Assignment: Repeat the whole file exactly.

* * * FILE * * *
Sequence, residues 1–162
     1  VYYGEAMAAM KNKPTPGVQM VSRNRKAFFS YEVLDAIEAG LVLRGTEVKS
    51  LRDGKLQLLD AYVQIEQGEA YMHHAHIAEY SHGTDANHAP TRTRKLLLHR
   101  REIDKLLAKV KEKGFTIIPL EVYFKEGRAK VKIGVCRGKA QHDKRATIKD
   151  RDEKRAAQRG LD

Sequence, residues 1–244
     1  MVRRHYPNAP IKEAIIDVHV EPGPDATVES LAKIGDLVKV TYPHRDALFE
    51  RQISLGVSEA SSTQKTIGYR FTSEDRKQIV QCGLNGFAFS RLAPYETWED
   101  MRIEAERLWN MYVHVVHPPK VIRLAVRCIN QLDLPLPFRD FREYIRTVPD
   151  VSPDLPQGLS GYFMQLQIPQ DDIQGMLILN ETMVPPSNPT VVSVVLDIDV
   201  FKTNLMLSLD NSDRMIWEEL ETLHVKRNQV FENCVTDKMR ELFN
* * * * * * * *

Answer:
Sequence, residues 1–162
     1  VYYGEAMAAM KNKPTPGVQM VSRNRKAFFS YEVLDAIEAG LVLRGTEVKS
    51  LRDGKLQLLD AYVQIEQGEA YMHHAHIAEY SHGTDANHAP TRTRKLLLHR
   101  REIDKLLAKV KEKGFTIIPL EVYFKEGRAK VKIGVCRGKA QHDKRATIKD
   151  RDEKRAAQRG LD

Sequence, residues 1–244
     1  MVRRHYPNAP IKEAIIDVHV EPGPDATVES LAKIGDLVKV TYPHRDALFE
    51  RQISLGVSEA SSTQKTIGYR FTSEDRKQIV QCGLNGFAFS RLAPYETWED
   101  MRIEAERLWN MYVHVVHPPK VIRLAVRCIN QLDLPLPFRD FREYIRTVPD
   151  VSPDLPQGLS GYFMQLQIPQ DDIQGMLILN ETMVPPSNPT VVSVVLDIDV
   201  FKTNLMLSLD NSDRMIWEEL ETLHVKRNQV FENCVTDKMR ELFN